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Intuition alone is insufficient to fully understand the dynamics of such systems.

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  1. Graph-theoretical Models of the Spread and Control of Disease and of Fighting FiresFred Roberts, DIMACS

  2. Understanding infectious systems requires being able to reason about highly complex biological systems, with hundreds of demographic and epidemiological variables. smallpox Intuition alone is insufficient to fully understand the dynamics of such systems.

  3. Experimentation or field trials are often prohibitively expensive or unethical and do not always lead to fundamental understanding. Therefore, mathematical modeling becomes an important experimental and analytical tool.

  4. Mathematical models have become important tools in analyzing the spread and control of infectious diseases, especially when combined with powerful, modern computer methods for analyzing and/or simulating the models.

  5. What Can Math Models Do For Us?

  6. What Can Math Models Do For Us? Sharpen our understanding of fundamental processes Compare alternative policies and interventions Help make decisions. Prepare responses to bioterrorist attacks. Provide a guide for training exercises and scenario development. Guide risk assessment. Predict future trends.

  7. Mathematical Models of Disease Spread Math. models of infectious diseases go back to Daniel Bernoulli’s mathematical analysis of smallpox in 1760.

  8. Hundreds of math. models since have: highlighted concepts like core population in STD’s;

  9. Made explicit concepts such as herd immunity for vaccination policies;

  10. Led to insights about drug resistance, rate of spread of infection, epidemic trends, effects of different kinds of treatments.

  11. Great concern about the deliberate introduction of diseases by bioterrorists has led to new challenges for mathematical modelers. smallpox

  12. ASIDE: TOPOFF 3 Bioterrorism exercise in NJ, CT., Canada in April 2005. Pneumonic plague released by terrorists. University observers. Meeting this afternoon with representatives of Dept. of Health, State Police, etc. Later with Dept. of Homeland Security. pneumonic plague in India

  13. The size and overwhelming complexity of modern epidemiological problems -- and in particular the defense against bioterrorism -- calls for new approaches and tools.

  14. Models of the Spread and Control of Disease through Social Networks • Diseases are spread through social networks. • “Contact tracing” is an important part of any strategy to combat outbreaks of infectious diseases, whether naturally occurring or resulting from bioterrorist attacks.

  15. The Model: Moving From State to State Social Network = Graph Vertices = People Edges = contact Let si(t) give the state of vertex i at time t. Simplified Model: Two states: 0 and 1: 0 = susceptible, 1 = infected (SI Model) Times are discrete: t = 0, 1, 2, … AIDS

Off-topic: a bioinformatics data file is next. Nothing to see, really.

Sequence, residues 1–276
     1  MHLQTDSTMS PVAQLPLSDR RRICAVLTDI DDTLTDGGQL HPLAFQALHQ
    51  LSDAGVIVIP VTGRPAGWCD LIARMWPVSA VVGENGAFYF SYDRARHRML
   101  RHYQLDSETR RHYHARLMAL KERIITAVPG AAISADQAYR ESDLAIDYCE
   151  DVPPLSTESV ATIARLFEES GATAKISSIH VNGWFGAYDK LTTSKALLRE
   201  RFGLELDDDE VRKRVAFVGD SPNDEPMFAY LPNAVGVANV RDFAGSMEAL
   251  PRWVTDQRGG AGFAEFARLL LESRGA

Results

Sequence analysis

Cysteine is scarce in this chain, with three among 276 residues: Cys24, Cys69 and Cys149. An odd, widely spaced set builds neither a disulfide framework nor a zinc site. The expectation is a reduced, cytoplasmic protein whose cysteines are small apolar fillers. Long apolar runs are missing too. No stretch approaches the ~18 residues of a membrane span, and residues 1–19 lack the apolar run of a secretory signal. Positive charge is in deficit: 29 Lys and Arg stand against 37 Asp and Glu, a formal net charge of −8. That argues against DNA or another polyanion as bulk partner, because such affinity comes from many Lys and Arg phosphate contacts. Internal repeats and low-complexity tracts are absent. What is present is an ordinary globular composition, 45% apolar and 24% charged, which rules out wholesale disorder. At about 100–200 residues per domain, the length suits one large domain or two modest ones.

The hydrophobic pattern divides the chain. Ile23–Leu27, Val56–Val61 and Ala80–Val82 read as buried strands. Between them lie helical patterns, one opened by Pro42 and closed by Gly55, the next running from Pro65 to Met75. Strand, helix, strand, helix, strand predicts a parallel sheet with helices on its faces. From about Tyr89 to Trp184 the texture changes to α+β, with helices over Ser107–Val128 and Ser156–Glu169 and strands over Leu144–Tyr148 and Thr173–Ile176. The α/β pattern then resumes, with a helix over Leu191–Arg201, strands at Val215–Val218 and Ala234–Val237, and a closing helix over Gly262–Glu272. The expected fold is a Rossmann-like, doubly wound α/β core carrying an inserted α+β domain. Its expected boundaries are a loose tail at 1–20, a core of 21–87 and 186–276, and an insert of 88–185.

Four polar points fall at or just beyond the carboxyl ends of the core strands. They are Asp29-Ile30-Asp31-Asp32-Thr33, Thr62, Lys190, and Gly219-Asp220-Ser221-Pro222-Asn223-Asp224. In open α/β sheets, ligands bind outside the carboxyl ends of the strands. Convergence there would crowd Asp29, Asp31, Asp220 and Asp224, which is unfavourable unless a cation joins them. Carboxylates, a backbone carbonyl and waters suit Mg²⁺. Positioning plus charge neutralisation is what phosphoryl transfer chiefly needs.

16. The Model: Moving From State to State More complex models: SI, SEI, SEIR, etc. S = susceptible, E = exposed, I = infected, R = recovered (or removed) measles SARS

  17. First Try: Majority Processes Basic Irreversible Majority Process: You change your state from 0 to 1 at time t+1 if a majority of your neighbors are in state 1 at time t. You never leave state 1. (No change in case of “ties”) Note influence of elections. Useful in models of spread of opinion. Disease interpretation? Infected if more than half of your neighbors are infected. Does this make sense?

  18. Second Try: Threshold Processes Irreversible k-Threshold Process: You change your state from 0 to 1 at time t+1 if at least k of your neighbors have state 1 at time t. You never leave state 1. Disease interpretation? Infected if sufficiently many of your neighbors are infected. Special Case k = 1: Infected if any of your neighbors is infected.

  19. Irreversible 2-Threshold Process

  20. Vaccination Strategies Mathematical models are very helpful in comparing alternative vaccination strategies. The problem is especially interesting if we think of protecting against deliberate infection by a bioterrorist.

  21. Vaccination Strategies If you didn’t know whom a bioterrorist might infect, what people would you vaccinate to be sure that a disease doesn’t spread very much? (Vaccinated vertices stay at state 0 regardless of the state of their neighbors.) Try odd cycles. Consider an irreversible 2-threshold process. Suppose your adversary has enough supply to infect two individuals. Smallpox vaccinations, NYC 1947

  22. Vaccination Strategies Strategy 1: “Mass vaccination”: make everyone 0 and immune in initial state. In 5-cycle C5, mass vaccination means vaccinate 5 vertices. This obviously works. In practice, vaccination is only effective with a certain probability, so results could be different. Can we do better than mass vaccination? What does better mean? If vaccine has no cost and is unlimited and has no side effects, of course we use mass vaccination.